3'UTR shortening of HAS2 promotes hyaluronan hyper-synthesis and bioenergetic dysfunction in pulmonary hypertension.


Pulmonary hypertension (PH) comprises a diverse group of disorders that share a common pathway of pulmonary vascular remodeling leading to right ventricular failure. Development of anti-remodeling strategies is an emerging frontier in PH therapeutics that requires a greater understanding of the interactions between vascular wall cells and their extracellular matrices. The ubiquitous matrix glycan, hyaluronan (HA), is markedly elevated in lungs from patients and experimental models with PH. Herein, we identified HA synthase-2 (HAS2) in the pulmonary artery smooth muscle cell (PASMC) layer as a predominant locus of HA dysregulation. HA upregulation involves depletion of NUDT21, a master regulator of alternative polyadenylation, resulting in 3'UTR shortening and hyper-expression of HAS2. The ensuing increase of HAS2 and hyper-synthesis of HA promoted bioenergetic dysfunction of PASMC characterized by impaired mitochondrial oxidative capacity and a glycolytic shift. The resulting HA accumulation stimulated pro-remodeling phenotypes such as cell proliferation, migration, apoptosis-resistance, and stimulated pulmonary artery contractility. Transgenic mice, mimicking HAS2 hyper-synthesis in smooth muscle cells, developed spontaneous PH, whereas targeted deletion of HAS2 prevented experimental PH. Pharmacological blockade of HAS2 restored normal bioenergetics in PASMC, ameliorated cell remodeling phenotypes, and reversed experimental PH in vivo. In summary, our results uncover a novel mechanism of HA hyper-synthesis and downstream effects on pulmonary vascular cell metabolism and remodeling.





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Publication Info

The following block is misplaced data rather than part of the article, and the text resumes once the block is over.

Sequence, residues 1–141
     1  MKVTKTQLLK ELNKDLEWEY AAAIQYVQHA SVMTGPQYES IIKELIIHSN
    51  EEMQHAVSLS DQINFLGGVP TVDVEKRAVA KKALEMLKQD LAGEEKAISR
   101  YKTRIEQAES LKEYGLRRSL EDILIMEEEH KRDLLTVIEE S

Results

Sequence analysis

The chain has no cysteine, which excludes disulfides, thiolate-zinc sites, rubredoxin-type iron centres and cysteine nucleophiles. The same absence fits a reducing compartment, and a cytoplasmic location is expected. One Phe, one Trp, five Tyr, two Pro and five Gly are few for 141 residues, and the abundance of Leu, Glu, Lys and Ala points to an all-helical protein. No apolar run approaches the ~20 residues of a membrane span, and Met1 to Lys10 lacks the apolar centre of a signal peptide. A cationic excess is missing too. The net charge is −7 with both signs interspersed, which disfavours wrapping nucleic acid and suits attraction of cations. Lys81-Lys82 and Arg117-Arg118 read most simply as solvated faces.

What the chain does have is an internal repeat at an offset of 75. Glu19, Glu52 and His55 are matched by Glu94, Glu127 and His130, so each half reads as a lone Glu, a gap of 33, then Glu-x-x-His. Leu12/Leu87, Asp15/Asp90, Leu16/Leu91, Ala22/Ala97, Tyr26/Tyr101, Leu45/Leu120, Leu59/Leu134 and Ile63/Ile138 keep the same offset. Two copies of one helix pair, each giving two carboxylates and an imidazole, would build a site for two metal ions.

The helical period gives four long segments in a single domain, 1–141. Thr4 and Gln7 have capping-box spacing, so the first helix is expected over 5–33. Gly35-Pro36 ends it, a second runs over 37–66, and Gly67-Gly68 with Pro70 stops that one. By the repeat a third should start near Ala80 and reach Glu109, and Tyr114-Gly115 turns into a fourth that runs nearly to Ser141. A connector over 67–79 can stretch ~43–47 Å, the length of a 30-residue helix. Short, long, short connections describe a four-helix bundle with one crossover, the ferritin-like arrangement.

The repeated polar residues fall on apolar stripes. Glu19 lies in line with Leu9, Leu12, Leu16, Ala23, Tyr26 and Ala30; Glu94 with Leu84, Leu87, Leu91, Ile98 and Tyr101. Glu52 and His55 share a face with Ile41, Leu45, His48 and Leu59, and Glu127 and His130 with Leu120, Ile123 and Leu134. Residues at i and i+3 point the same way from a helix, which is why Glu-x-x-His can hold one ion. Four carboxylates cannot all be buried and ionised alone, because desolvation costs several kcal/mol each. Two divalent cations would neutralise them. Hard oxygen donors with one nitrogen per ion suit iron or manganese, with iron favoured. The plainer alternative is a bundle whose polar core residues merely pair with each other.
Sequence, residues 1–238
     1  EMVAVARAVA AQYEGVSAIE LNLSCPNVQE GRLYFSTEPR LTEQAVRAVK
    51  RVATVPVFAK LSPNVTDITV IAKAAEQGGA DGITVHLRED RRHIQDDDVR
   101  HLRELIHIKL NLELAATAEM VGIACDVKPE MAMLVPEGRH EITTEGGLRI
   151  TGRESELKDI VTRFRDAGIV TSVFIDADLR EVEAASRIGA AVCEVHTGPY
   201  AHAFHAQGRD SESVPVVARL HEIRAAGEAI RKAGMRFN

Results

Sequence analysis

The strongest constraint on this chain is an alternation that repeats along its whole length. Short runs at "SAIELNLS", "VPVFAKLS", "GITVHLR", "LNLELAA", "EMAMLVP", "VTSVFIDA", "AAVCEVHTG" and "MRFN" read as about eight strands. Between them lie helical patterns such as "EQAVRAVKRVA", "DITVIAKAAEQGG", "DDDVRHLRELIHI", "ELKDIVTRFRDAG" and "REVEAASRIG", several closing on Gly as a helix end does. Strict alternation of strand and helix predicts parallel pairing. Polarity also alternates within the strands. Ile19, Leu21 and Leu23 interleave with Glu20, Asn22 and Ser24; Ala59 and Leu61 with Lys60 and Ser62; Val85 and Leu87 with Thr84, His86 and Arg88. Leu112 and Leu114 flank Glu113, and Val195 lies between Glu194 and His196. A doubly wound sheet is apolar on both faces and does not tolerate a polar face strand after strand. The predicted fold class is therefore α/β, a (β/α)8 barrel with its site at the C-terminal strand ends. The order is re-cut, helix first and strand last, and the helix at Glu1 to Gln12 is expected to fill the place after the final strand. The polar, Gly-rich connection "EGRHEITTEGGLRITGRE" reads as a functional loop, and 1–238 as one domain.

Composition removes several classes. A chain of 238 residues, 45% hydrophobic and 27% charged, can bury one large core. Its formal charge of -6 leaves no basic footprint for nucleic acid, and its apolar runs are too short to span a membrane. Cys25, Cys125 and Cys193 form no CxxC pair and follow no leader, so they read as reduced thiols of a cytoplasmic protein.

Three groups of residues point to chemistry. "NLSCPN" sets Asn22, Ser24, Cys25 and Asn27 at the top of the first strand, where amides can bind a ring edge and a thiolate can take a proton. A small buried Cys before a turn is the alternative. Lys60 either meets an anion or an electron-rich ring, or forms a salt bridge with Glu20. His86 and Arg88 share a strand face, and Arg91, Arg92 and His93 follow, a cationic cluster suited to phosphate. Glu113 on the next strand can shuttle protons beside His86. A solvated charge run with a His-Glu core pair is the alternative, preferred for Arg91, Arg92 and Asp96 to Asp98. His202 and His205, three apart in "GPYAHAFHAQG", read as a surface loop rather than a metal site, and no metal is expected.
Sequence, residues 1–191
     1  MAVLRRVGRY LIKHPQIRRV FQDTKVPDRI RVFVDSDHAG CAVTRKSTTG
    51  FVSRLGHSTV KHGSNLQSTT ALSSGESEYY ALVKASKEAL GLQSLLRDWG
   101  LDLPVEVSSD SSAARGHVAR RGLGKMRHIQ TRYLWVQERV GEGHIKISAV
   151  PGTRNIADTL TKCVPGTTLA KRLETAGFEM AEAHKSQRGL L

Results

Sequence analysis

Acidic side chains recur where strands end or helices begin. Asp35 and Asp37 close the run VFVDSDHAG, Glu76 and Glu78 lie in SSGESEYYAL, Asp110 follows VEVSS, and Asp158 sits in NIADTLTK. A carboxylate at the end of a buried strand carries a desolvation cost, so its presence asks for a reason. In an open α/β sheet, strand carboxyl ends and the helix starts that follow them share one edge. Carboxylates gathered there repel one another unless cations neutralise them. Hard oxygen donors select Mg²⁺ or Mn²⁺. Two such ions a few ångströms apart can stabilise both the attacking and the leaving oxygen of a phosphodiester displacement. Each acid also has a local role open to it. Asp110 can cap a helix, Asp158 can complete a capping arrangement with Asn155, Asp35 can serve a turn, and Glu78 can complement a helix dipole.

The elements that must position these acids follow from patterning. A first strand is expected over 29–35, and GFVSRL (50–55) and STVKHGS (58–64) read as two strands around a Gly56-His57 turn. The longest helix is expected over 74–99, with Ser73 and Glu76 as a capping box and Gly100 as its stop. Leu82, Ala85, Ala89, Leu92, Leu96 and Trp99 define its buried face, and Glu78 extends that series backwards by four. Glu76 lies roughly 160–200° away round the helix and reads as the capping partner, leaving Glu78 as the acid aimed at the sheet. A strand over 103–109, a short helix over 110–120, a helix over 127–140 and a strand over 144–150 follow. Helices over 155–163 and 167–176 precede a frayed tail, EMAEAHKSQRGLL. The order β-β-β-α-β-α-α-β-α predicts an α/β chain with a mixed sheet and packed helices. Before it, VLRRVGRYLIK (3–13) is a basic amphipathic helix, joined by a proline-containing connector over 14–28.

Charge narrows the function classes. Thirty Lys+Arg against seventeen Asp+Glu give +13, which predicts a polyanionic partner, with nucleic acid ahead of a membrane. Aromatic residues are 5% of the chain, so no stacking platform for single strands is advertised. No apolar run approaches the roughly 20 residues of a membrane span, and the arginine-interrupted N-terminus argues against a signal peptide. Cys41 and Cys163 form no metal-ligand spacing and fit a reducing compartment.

Tseng, Victor, Scott D Collum, Ayed Allawzi, Kathryn Crotty, Samantha Yeligar, Aaron Trammell, M Ryan Smith, Bum-Yong Kang, et al. (2022). 3'UTR shortening of HAS2 promotes hyaluronan hyper-synthesis and bioenergetic dysfunction in pulmonary hypertension. Matrix biology : journal of the International Society for Matrix Biology, 111. p. S0945-053X(22)00075-0. 10.1016/j.matbio.2022.06.001 Retrieved from https://hdl.handle.net/10161/25429.

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Jennifer Leigh Ingram

Associate Professor in Medicine

Dr. Ingram's research interests focus on the study of airway remodeling in human asthma. Proliferation, migration, and invasion of airway fibroblasts are key features of airway remodeling that contribute to diminished lung function over time. Dr. Ingram uses molecular biology approaches to define the effects of interleukin-13 (IL-13), a cytokine abundantly produced in the asthmatic airway, in the human airway fibroblast. She has identified important regulatory functions of several proteins prevalent in asthma that control fibroblast growth and pro-fibrotic growth factor production in response to IL-13. By understanding these pathways and their role in human asthma and the chronic effects of airway remodeling, novel treatment strategies may be developed.

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